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Yesterday, I attended Ruby Zagreb meet up. Officially, it
was first, but it was just first organized using Meetup platform. I think that Ruby group is one of the oldest meet up groups from Zagreb area. Meet up was held in club Mama. There is a story that in early days of Croatian Internet access (1992) Mama’s Internet fee for linux users was twice cheaper than for Windows users.
We started with usual introductions. We had professional hard core Ruby developers, Ruby newcomers who wanted to find out why Ruby is such a great language, and two dedicated software testers.
Fun part started with Nikica’s presentation on Threads, Actors, Fibers and STM made easy with Celluloid framework. Presentation takeaway: serious concurrency is possible in plain Ruby.
Second presentation was held by Sime, how to create our own mini testing framework by reverse engineering minitest framework.
Presentation takeaway: by doing it, you will learn a lot of great stuff how to create your own framework. I was surprised that minitest was new in Ruby world, because I am from Java world. It seems that rspec was first Ruby testing framework, coming with its own DSL language and resolving some missing feature and obstacles in Junit framework (versions before number 3). I hope that there will not be future Ruby presentation how we switch back from minitest to rspec.
At the end, Vlado presented its own open source contribution with gem rails_db_info. Browse through your database tables in easy and effective way. Presentation takeaway: create it, encapsulate it, publish it as a gem, true meanings of open source. And, yes, you will learn something by doing it. Vlado learned how to configure Travis.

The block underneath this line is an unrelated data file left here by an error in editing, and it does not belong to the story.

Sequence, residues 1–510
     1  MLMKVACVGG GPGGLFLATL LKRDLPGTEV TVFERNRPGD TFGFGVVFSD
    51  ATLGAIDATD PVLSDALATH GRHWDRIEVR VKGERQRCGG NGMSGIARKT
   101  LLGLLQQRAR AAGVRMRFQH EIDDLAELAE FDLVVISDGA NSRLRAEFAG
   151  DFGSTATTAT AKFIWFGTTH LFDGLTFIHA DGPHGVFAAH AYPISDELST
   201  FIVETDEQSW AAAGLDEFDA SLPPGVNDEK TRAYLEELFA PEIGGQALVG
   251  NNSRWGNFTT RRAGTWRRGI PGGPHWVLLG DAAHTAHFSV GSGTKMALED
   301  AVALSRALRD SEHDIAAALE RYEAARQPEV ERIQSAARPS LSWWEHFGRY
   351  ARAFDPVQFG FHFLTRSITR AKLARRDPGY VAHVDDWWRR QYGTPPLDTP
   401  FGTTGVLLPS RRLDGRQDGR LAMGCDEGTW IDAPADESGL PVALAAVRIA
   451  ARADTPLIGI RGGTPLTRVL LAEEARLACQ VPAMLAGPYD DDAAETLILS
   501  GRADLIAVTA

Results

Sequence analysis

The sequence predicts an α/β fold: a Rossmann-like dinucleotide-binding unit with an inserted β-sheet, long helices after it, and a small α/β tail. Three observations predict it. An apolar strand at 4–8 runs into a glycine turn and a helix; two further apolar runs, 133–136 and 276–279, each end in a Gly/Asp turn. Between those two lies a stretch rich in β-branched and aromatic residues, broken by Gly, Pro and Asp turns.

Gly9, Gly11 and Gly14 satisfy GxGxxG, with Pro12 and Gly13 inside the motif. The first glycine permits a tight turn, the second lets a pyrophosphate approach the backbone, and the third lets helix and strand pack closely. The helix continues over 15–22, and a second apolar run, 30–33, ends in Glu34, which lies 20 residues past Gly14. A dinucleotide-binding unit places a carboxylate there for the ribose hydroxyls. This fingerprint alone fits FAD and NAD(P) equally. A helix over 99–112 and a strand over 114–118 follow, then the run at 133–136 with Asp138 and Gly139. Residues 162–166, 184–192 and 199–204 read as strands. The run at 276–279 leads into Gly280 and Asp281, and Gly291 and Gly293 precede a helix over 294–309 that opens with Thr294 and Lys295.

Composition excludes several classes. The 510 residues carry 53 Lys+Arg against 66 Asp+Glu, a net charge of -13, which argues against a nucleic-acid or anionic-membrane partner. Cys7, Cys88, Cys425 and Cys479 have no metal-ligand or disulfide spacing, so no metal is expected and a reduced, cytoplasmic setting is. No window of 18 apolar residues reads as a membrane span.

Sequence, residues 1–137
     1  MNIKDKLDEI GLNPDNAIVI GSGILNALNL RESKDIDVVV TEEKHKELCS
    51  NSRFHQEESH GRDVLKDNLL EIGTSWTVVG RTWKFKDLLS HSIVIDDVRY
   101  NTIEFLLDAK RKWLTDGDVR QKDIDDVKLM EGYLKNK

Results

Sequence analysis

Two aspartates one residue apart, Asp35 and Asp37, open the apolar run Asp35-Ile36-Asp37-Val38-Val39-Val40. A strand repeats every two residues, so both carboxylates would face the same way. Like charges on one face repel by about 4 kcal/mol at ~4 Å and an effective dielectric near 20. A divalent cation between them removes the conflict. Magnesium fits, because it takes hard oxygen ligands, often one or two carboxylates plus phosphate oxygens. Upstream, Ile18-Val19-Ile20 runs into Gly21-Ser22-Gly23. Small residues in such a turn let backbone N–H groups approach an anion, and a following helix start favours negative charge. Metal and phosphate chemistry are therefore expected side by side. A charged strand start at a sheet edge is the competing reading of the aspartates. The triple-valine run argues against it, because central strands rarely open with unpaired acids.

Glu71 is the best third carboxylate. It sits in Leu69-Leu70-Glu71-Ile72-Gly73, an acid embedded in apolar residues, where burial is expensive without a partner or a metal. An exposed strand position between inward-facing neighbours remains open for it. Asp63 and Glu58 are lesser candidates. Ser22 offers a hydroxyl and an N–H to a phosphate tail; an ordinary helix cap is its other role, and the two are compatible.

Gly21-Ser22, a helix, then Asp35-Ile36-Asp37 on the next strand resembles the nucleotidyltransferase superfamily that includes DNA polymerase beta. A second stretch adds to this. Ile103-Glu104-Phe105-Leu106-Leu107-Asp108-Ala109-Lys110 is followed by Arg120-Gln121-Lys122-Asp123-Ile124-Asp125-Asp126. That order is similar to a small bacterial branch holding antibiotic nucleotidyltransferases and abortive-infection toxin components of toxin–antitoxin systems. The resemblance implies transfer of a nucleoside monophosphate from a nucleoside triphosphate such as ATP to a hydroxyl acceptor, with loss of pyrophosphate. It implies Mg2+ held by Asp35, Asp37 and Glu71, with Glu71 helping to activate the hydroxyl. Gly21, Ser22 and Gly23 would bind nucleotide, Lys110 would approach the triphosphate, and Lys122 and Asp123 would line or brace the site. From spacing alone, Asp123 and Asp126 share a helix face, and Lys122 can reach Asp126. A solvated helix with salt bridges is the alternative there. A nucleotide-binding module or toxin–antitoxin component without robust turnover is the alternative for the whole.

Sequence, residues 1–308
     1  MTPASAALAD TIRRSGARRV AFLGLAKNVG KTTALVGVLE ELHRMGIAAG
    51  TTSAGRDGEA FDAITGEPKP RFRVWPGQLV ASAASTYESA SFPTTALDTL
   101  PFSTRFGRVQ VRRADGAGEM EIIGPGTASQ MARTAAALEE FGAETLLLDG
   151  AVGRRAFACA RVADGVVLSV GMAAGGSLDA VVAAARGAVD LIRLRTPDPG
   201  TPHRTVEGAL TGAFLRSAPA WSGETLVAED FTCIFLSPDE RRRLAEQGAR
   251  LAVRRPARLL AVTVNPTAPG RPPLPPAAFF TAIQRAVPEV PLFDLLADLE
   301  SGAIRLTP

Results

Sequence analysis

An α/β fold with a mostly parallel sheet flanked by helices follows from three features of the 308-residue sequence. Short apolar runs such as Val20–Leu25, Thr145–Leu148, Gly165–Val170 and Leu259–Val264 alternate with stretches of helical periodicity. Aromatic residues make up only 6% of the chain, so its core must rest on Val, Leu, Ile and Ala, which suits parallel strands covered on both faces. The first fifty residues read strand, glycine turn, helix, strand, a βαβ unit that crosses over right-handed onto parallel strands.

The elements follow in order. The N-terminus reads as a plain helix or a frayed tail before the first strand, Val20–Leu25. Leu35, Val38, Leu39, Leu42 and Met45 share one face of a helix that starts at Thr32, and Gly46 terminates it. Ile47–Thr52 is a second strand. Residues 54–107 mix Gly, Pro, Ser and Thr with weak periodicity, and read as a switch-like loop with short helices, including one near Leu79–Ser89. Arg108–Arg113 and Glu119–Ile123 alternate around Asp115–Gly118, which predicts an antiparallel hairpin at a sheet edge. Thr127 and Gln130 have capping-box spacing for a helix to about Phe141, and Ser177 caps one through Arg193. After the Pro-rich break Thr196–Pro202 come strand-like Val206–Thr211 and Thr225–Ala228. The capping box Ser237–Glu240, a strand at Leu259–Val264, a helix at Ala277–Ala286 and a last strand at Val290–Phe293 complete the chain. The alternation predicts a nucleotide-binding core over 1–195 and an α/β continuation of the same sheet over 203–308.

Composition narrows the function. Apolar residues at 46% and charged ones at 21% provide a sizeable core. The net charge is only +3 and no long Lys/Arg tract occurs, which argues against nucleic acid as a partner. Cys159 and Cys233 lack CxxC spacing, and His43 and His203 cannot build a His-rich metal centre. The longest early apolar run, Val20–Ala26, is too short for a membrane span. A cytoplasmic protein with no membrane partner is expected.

Zeljko announced Citcon unconference that will be held on 20. and 21. September in Zagreb. It is about continuous integration and testing that accompanies it. And it is FREE!
We continued mingling over beers at Kolding. I was part of interesting conversation about ActiveRecord practical problems and challenges. I herd again that Rails is oversimplified and that “everybody” could start programming with it very quickly. That Rails is not framework for real projects. I can not argue against those arguments because I am not power Rails users, but again, coming from Java world (J2EEs and Spring frameworks), I think that Rails is very revolutionary framework. It is very testable (for example, I know few J2EE developers who would kill for Capybara J2EE framework) and security features are state of the art comparing to Java framework world.
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In this blog post I will describe Microsoft Visual Studio 2012 user experience issue. Using consistency oracles, I will advocate why is this user experience issue.
In Microsoft Visual Studio 2012, I accidentally closed source code explorer window. This is for me the most important tool window. It is window that enables me to easily browse through the project files and folder structure. I did not have information how to reopen it. I started my investigation by touring the View menu. There is 24 menu options in first menu level, but no source code explorer option. I switched to Window menu, no lack again. So far I spent 5 minutes in my tour. Switched back to View menu, other windows submenu, there it was, as sixth option. I spent 8 minutes in my tour.
This is not consistent with:
- user expectation – I expect that most important window must be reopened in quick manner.
- consistent with claims – on Visual Studio home page, second claim is “Built for Agile processes”. Dictionary meaning of word agile is: Characterized by quickness, lightness, and ease of movement; nimble. I spent 8 minutes to find out how to reopen source code explorer window. This is not agile.
- consistent with our image – observe picture in this post (picture is from Microsoft Visual Studio home page). Microsoft wants to project image as company that enables user to do their work quickly.
We have three inconsistencies which are advocating my claim that described behavior is user experience issue in Microsoft Visual Studio.